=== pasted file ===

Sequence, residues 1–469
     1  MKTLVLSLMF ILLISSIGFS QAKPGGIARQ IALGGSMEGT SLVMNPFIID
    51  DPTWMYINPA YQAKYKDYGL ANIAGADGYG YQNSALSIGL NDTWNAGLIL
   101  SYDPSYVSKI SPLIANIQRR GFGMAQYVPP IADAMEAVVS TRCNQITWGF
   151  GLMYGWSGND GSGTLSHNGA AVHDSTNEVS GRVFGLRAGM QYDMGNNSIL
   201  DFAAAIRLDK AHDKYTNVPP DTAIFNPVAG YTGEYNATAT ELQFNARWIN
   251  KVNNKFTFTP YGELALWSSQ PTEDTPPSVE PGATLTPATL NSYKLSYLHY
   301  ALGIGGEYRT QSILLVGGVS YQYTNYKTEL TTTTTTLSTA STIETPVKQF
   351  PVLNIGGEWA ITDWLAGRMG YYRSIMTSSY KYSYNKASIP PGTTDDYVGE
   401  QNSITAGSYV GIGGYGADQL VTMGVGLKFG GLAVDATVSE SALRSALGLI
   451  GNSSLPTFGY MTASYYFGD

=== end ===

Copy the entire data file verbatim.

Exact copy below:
Sequence, residues 1–469
     1  MKTLVLSLMF ILLISSIGFS QAKPGGIARQ IALGGSMEGT SLVMNPFIID
    51  DPTWMYINPA YQAKYKDYGL ANIAGADGYG YQNSALSIGL NDTWNAGLIL
   101  SYDPSYVSKI SPLIANIQRR GFGMAQYVPP IADAMEAVVS TRCNQITWGF
   151  GLMYGWSGND GSGTLSHNGA AVHDSTNEVS GRVFGLRAGM QYDMGNNSIL
   201  DFAAAIRLDK AHDKYTNVPP DTAIFNPVAG YTGEYNATAT ELQFNARWIN
   251  KVNNKFTFTP YGELALWSSQ PTEDTPPSVE PGATLTPATL NSYKLSYLHY
   301  ALGIGGEYRT QSILLVGGVS YQYTNYKTEL TTTTTTLSTA STIETPVKQF
   351  PVLNIGGEWA ITDWLAGRMG YYRSIMTSSY KYSYNKASIP PGTTDDYVGE
   401  QNSITAGSYV GIGGYGADQL VTMGVGLKFG GLAVDATVSE SALRSALGLI
   451  GNSSLPTFGY MTASYYFGD